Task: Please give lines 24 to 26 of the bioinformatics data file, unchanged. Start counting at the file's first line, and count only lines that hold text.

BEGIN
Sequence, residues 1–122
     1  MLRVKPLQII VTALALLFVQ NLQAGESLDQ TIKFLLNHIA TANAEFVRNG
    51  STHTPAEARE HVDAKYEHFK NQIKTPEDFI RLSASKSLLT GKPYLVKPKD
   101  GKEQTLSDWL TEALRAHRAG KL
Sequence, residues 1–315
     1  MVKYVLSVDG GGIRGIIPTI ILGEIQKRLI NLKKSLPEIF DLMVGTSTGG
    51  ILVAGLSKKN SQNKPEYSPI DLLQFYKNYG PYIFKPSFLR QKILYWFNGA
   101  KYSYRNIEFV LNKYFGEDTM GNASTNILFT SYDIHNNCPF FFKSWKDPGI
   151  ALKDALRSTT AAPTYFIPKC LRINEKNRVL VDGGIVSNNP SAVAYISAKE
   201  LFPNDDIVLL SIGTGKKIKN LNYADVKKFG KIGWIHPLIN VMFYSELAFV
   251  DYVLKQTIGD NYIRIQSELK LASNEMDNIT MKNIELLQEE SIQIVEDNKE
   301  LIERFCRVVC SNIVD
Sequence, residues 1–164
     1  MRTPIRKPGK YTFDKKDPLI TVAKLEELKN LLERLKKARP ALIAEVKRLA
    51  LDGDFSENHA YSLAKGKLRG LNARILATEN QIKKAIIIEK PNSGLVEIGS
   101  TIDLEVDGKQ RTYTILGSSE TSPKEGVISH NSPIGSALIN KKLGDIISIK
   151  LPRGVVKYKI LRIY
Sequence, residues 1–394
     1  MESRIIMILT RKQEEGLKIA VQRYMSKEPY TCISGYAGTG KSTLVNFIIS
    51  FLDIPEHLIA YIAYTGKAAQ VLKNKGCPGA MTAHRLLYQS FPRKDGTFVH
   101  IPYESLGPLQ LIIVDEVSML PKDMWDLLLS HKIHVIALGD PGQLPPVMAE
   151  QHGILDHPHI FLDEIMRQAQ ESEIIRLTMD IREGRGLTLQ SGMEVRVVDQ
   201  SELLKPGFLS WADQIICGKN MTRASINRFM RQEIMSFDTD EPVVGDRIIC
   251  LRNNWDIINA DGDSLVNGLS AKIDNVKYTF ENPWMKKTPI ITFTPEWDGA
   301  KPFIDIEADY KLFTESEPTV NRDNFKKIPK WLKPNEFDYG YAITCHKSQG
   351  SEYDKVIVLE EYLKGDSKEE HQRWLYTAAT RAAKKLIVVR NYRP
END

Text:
   251  LRNNWDIINA DGDSLVNGLS AKIDNVKYTF ENPWMKKTPI ITFTPEWDGA
   301  KPFIDIEADY KLFTESEPTV NRDNFKKIPK WLKPNEFDYG YAITCHKSQG
   351  SEYDKVIVLE EYLKGDSKEE HQRWLYTAAT RAAKKLIVVR NYRP